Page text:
updated 9/14/2006 1:05:26 PM ET 2006-09-14T17:05:26

President Bush has scheduled separate White House meetings later this month with the leaders of Afghanistan and Pakistan, neighboring countries whose relations have sometimes been strained by terrorist hideouts along their border.

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Pakistani President Pervez Musharraf is meeting with Bush on Sept. 22. Days later, on Sept. 26, Afghan President Hamid Karzai is due in the Oval Office. The meetings were announced amid a growing Taliban-led insurgency in Afghanistan.

"The visit will be an opportunity for the president to congratulate President Karzai on the progress Afghanistan has made over the last five years and to reaffirm America's commitment to stability and reconstruction in Afghanistan," White House press secretary Tony Snow said of the Karzai visit.

The resurgent Taliban, trying to topple the U.S.-backed Karzai government in Kabul, has adopted a dangerous change in tactics, copying the lead of insurgent attacks in Iraq. Since the start of the year, 173 people - including 151 Afghan civilians - have been killed in suicide bombings across the country, NATO announced Wednesday.

Military commanders have called for 2,500 extra troops to help the NATO force, which took control of the coalition in the south on Aug. 1. But NATO nations have failed to agree.

Much to talk about
Snow said that in addition to strategizing about countering the threat of militant extremists, Bush and Karzai will talk about Afghanistan's drug trade, need for good governance and faltering economy.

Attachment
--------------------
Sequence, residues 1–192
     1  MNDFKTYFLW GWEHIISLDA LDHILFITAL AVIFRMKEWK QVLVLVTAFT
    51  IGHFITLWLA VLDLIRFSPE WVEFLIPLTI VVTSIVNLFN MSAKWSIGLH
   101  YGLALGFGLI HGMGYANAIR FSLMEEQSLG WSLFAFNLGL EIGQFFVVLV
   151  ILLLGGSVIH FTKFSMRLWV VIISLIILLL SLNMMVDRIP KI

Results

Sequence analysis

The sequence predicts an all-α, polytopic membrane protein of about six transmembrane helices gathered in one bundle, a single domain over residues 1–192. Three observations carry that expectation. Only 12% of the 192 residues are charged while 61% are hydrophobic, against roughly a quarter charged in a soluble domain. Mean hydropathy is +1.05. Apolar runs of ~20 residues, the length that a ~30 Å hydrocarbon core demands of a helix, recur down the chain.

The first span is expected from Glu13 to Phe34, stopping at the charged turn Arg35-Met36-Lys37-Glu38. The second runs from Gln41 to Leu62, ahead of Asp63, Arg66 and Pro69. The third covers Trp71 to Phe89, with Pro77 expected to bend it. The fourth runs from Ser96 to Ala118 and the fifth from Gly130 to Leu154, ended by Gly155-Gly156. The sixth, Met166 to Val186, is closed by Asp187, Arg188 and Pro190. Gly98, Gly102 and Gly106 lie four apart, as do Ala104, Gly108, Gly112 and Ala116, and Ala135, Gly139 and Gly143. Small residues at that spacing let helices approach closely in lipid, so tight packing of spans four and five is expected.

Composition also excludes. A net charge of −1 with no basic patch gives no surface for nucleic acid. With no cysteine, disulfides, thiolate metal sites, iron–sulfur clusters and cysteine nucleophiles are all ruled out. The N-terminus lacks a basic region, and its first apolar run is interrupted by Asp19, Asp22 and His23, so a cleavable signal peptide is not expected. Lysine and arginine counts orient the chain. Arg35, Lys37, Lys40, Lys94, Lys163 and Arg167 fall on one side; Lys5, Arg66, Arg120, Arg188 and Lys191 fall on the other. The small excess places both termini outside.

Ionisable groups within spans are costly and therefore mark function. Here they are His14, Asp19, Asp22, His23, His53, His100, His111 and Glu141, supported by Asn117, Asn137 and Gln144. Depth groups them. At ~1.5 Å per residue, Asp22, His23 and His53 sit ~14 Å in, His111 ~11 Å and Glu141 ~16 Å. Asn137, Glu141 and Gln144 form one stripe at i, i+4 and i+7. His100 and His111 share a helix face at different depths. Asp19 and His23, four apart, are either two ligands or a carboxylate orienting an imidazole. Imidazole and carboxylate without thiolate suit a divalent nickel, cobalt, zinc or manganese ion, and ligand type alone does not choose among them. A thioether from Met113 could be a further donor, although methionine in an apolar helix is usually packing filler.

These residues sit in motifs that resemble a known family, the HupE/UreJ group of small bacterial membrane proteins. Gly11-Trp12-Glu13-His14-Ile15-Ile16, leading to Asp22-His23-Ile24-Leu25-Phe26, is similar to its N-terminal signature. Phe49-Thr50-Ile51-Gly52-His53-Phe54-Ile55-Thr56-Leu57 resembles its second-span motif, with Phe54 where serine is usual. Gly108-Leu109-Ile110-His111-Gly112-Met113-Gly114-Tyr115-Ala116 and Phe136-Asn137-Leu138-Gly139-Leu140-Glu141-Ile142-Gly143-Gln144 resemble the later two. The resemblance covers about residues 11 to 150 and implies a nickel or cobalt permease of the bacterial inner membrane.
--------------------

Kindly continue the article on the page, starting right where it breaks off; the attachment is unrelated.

Pakistan was once a key Taliban supporter, but switched sides to become an ally of the U.S. in its campaign against terrorism following the Sept. 11, 2001, attacks.

Still, relations between Pakistan and Afghanistan have been strained for years, mainly over allegations by Afghan officials that Pakistan hasn't done enough to go after the remnants of the ousted Taliban regime, which Afghani leaders say have established hideouts in Pakistan along the mountainous border. Pakistan has rejected such charges.

Recently, cross-border relations have improved, and Karzai and Musharraf pledged in meetings in Kabul earlier this month to jointly fight militants.

The Musharraf-Bush sessions follow their meetings in March, when the president traveled to Pakistan. He also visited Afghanistan and India on that trip.

Copyright 2006 The Associated Press. All rights reserved. This material may not be published, broadcast, rewritten or redistributed.


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